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The Scarlet & Black

The Scarlet & Black

Feven Getachew
Feven Getachew
May 6, 2024
Michael Lozada
Michael Lozada
May 6, 2024
Nathan Hoffman
Nathan Hoffman
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Harvey Wilhelm `24.
Harvey Wilhelm
May 6, 2024

Swimmer House and 1208 wade the high waters of Main St., Part I

The walls of 1228½ Main Street—better known as Swimmer House—are buried in artifacts and artwork that showcase the house’s decade-plus history.

“We’ve just kind of accumulated a lot of random stuff over the years,” said Morgan Horton ‘11.
This year, Horton shares the house with Cyrus Mistry ‘11 and Ross Noecker ‘11, and all three are captains on the swim team.

Swimmer House
Ross Noekcer '11, Cy Mistry '11, and Morgan Horton '11 get caught in a moment at Swimmer House - Cyrus Mistry

The house draws most but not all of its residents from the team, but choosing who lives here, said Mistry, “depends on who wants to live here.”

Horton agreed, and noted, “Living here was suggested to us our first year [by upperclassmen swimmers]. [But] it’s our goal to make this a space not just for swimmers.”

Together, Horton, Mistry and Noecker uphold Swimmer House’s more than decade-old reputation, while mixing tradition with novelty. The house’s decor captures its past—a yellow light that used to start races now hangs in the kitchen doorway and is employed as a strobe at parties. There is also a collage featuring photos of each year’s swim team.

Despite all of its treasure, the current residents have also tried to tidy up the house.

“My first move was to throw away the ten-year-old Playboy in the bathroom,” Horton said.

Mistry agreed that some measure of change was due.

“Last year’s tenants were sort of just shambly people,” Mistry said. “They lost their damage deposit in a month.”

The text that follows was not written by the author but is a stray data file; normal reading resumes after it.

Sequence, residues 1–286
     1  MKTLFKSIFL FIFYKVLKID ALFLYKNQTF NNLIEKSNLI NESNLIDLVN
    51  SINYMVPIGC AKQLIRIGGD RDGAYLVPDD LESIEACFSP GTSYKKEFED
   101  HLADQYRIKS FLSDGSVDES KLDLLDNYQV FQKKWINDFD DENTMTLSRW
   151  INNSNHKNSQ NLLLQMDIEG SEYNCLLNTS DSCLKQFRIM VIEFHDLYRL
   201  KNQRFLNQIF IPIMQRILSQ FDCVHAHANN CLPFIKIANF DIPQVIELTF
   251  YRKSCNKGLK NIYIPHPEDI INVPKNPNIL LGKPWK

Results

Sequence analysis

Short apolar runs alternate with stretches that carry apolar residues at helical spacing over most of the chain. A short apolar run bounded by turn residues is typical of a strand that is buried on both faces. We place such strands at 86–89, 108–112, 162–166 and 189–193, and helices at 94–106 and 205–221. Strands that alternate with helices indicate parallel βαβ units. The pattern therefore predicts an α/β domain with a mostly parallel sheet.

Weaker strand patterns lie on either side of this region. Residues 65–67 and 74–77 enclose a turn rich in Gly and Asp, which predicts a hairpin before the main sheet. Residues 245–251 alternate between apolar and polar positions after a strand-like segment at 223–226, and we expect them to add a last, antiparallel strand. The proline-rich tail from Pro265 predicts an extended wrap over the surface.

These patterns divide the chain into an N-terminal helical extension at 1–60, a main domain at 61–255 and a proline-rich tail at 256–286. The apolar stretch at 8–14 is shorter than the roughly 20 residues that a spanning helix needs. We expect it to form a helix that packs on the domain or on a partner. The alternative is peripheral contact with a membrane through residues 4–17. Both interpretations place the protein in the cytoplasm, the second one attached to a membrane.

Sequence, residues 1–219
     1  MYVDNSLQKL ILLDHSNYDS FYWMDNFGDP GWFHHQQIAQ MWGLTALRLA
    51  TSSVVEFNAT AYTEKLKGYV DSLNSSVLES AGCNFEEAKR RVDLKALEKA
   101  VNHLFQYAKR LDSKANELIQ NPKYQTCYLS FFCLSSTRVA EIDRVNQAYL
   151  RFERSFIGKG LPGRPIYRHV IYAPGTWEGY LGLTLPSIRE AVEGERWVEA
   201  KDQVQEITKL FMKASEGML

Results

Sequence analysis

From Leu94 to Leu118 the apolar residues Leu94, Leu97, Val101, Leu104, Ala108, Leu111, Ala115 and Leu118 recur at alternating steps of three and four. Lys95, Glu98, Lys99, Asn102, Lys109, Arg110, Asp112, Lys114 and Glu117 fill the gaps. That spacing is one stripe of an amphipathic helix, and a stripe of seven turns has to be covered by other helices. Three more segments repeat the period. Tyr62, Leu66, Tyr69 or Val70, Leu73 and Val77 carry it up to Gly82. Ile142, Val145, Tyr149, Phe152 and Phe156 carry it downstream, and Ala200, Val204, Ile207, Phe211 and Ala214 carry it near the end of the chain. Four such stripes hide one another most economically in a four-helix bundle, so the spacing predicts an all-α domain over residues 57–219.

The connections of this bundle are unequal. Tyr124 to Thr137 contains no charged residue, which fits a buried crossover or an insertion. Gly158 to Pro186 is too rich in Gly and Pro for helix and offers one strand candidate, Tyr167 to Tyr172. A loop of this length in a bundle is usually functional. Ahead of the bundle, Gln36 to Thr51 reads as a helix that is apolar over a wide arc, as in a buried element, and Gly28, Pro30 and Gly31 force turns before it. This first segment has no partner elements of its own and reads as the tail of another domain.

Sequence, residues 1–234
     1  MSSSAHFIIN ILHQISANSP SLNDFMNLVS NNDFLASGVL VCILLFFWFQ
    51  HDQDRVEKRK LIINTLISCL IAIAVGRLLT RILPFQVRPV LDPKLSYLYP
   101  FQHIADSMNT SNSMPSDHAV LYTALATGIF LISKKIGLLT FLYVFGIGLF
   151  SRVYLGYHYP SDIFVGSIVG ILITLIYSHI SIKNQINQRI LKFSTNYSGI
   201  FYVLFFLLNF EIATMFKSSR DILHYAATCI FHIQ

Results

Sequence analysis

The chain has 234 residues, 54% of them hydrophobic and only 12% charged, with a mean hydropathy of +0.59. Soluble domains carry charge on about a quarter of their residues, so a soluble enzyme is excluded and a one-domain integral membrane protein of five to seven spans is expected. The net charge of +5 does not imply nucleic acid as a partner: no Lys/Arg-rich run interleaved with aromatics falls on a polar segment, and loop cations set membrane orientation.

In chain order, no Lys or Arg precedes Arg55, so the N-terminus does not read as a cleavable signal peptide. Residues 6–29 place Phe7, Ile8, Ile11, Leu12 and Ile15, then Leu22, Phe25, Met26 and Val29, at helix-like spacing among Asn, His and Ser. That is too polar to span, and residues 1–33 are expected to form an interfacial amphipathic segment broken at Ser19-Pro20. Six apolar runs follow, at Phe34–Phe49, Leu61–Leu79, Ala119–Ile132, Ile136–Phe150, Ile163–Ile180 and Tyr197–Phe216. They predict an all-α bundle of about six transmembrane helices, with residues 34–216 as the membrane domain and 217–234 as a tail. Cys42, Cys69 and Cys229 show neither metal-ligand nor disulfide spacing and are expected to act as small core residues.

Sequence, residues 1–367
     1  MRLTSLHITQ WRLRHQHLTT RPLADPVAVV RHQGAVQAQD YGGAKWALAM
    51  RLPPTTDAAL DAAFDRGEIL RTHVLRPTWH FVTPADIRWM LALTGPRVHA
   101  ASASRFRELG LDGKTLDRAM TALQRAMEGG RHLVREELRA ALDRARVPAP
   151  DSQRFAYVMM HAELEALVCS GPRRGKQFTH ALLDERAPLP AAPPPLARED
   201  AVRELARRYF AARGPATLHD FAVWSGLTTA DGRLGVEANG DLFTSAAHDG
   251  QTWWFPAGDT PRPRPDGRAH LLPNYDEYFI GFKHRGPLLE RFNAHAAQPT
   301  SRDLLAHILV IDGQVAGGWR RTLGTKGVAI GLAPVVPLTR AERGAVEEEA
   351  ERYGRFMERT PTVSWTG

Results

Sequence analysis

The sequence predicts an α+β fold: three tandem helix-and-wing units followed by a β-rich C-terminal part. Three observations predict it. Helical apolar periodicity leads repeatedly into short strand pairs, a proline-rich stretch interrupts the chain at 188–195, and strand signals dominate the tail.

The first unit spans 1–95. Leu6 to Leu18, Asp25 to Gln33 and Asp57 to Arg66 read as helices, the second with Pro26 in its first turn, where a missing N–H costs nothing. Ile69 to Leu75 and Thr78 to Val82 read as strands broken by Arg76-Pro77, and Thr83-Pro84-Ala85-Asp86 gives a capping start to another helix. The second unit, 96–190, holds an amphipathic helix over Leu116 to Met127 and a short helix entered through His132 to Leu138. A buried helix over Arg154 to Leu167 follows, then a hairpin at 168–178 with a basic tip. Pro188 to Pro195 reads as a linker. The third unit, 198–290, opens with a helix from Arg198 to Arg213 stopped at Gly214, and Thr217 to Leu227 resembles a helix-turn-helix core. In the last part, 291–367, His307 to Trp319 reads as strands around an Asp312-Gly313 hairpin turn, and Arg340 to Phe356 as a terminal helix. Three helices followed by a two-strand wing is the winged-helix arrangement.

Fans of the house’s traditions need not worry, however. Swimmer House’s “shambly” past lives on within its spaces, such as the rumble room and the attic.

“Hypothetically if we were to have a party, and hypothetically if two people were to hook up, we provide the rumble room,” Horton said, commenting on the multifunctional nature of her bedroom’s walk-in closet, which is adorned with a “Champion” banner and a picture of the Joker. “It gives a new meaning to ‘Trapped in the Closet.’”

Swimmer House’s attic has historically been considered its pièce de résistance, a role it still plays today.

“When I was considering living in Swimmer House, I thought of the attic, ‘cause this place is the bomb,” Mistry said.
Swimmer House’s vast attic is, like the rest of the house, lined with memorabilia and decorated in festive lights. They often show movies or host dance parties there.

This year, according to Horton, the house is in possession of the best speakers on campus.

In regards to traditions of the house this year, Horton and Mistry said “Wednesdays,” to one another a few times, then burst out laughing.

“On Wednesday nights we all sleep naked,” Mistry said. “So far it’s been quite successful.”

Horton added, “but we don’t sleep together!”

Other traditions of the house include a ban on “Tunak Tunak Tun” at parties, because of a past occasion when excessive dancing nearly destroyed the house.

“Things got kind of wild,” Mistry said. “The foundation was cracking, and we thought we were going to fall through a hole in the floor.”

The house managed to survive and Swimmer House plans to continue bringing together the swim team and the campus at large for years of amusement to come.

Read Part II

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